Own a ski property in the EU? What would a Brexit mean for you?
Britain’s ease of access to mainland Europe means that rather than just holidaying on the beaches of Spain, the ski resorts of France or the vineyards of Italy, UK nationals have bought homes there, ever since the UK first joined the EU. Brits are one of the largest markets for property purchases of all kinds in Europe, and the impending June 23 vote has EU home owners wondering what Brexit means for them.
With the terms of a “Brexit” currently unknown, the best we can do is speculate about the potential outcome. Should the UK vote to opt out of the EU, we may find that many of the arrangements and agreements in place are maintained. If not, there may be many issues to consider.
1. Will Brits be held to the same immigration laws as non-EU residents?
France is the most popular country for a ski property purchase, and like Italy and Austria, it belongs to the Schengen Area. Schengen countries have eliminated border controls and although non-Schengen members of the EU or EFTA states may enter and leave freely, this may change should UK leave the EU. Currently, non-EU, non-EFTA and non-Schengen nationals may not legally work or visit the Schengen area for more than 90 days out of every 180. Although it seems unlikely, there is a possibility that Brits may need a visa to use their ski chalet.
2. Will Brits be able to get an EU mortgage?
European based banks consider non-EU residents to be higher-risk clients and the amounts borrowed tend to be lower. In France, property purchase deposits for EU citizens are generally around 20%. This could go up to 50% as a non-EU citizen.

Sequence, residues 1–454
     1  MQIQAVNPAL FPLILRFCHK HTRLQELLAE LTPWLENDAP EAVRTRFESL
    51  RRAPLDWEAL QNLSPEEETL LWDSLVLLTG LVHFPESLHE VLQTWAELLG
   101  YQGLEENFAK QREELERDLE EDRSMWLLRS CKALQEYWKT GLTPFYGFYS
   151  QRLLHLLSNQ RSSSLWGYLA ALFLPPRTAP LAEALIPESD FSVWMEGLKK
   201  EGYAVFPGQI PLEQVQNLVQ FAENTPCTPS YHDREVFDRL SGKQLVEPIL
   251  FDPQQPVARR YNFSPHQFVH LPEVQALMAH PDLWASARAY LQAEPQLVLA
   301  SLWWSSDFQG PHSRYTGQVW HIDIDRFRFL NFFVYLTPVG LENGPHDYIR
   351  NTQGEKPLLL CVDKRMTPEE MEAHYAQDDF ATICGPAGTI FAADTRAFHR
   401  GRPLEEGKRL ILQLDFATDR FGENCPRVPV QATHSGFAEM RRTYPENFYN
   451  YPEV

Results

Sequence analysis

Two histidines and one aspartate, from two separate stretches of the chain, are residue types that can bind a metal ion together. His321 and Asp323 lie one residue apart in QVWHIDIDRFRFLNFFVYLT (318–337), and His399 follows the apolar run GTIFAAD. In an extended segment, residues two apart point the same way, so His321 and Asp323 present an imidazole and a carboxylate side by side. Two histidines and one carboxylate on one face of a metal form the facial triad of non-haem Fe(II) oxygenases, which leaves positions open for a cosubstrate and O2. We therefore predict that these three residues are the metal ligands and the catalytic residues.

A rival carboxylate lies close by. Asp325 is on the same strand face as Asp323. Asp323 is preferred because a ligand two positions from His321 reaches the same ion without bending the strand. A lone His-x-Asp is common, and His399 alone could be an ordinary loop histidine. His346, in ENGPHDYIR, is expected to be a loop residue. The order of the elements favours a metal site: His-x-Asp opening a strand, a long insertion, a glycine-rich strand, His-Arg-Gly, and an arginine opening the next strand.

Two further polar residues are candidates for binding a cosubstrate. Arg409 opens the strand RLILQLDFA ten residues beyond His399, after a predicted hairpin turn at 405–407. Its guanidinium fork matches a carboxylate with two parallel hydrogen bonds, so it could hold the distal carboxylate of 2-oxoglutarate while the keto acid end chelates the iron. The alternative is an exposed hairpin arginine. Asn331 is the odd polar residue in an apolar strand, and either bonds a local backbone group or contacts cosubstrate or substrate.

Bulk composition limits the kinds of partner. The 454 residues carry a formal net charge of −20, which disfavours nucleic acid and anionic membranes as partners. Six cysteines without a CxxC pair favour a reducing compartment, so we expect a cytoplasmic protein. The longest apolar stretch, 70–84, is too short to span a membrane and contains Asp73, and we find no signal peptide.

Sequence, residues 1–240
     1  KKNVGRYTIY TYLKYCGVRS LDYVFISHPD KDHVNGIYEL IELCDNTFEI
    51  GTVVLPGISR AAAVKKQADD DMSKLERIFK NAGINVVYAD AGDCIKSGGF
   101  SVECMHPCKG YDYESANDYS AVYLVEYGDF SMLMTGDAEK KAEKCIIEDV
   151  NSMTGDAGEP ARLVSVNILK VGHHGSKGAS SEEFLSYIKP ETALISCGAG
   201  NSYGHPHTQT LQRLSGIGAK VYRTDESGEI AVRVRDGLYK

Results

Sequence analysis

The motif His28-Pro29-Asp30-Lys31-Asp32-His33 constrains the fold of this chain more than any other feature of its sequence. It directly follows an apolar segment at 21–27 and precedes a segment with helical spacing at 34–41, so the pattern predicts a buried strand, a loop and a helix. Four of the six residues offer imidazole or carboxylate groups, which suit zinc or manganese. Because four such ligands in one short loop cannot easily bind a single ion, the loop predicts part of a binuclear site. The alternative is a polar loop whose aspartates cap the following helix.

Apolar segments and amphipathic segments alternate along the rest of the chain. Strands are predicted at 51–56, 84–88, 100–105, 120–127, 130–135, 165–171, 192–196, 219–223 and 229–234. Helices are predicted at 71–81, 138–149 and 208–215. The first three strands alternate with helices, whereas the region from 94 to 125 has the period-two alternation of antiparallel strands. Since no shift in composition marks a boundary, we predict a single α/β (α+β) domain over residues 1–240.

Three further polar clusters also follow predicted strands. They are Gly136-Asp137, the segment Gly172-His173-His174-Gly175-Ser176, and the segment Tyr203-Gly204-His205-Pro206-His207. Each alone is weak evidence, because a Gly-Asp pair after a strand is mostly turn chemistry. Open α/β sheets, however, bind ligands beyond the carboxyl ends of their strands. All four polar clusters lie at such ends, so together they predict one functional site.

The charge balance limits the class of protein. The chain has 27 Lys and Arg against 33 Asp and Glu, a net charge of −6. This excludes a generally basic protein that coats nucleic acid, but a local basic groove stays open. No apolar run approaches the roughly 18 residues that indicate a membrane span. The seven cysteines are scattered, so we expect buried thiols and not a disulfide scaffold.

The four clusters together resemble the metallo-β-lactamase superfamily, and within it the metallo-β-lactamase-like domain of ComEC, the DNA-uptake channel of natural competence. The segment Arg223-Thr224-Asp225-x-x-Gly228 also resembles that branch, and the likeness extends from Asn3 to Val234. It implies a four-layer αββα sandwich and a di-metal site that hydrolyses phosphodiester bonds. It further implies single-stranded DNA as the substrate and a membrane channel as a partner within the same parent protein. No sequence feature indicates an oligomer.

The pound's strength has also been questioned, with major banks such as Goldman Sachs predicting a 20% drop in value on a Brexit, as foreign investors shy away from UK investments due to economic uncertainty. Higher risk borrowers could be charged higher interest rates and those earning pound sterling will need to factor this in.
3. Will Brits be subject to greater taxes if the UK leaves the EU?
Being a member of the EU brings a certain level of tax protection when owning a property in any EU country due to the free flow of capital within the single EU market. Up until 2015, non-EU residents with homes in France were subject to a higher CGT rate than EU residents - a 15% difference - but this has since changed and EU and non-EU residents now pay the same. It is unclear whether or not taxes would be significantly different if Brexit happens, though it seems that the double tax treaties already in place with other EU countries will remain unaffected.
4. Will Brits be entitled to health care when traveling to EU countries?
Thanks to reciprocal health agreements within EU countries, Brits receive the same level of health care as a local at the same cost. This may change, with French officials already stating that millions of UK nationals living in France will no longer have access to their healthcare system upon Brexit. There is a possibility that UK nationals may still be entitled to the European Health Insurance Card as non-EU countries belonging to the EEA (Ireland, Lichtenstein and Norway) are able to obtain it.
5. What should I do if I'm currently buying a ski property?
Sterling has been tested over the last few months and for anybody currently buying a ski property it is a major cause for concern. The best approach at this stage is manage the currency risk. Currency exchange experts can advise on whether a forward contract, which allows you to lock in the exchange rate at the current level, is the best way to proceed. This way you can be assured you know exactly how much you will pay regardless of exchange rate fluctuations. As ever with currency, take specialist advice!
Whatever the result, at least there will be certainty
Despite speculation, the upcoming vote is already having an impact on the European property market. Nobody likes uncertainty, so many buyers and sellers are waiting to see what happens. Although things are unlikely to change too much, there is no guarantee of the status quo staying the same for those owning a ski property - or wanting to buy one in the future. With current polling showing the British public split about 50/50 on whether to leave or stay, at least by 24 June we will have certainty. For now!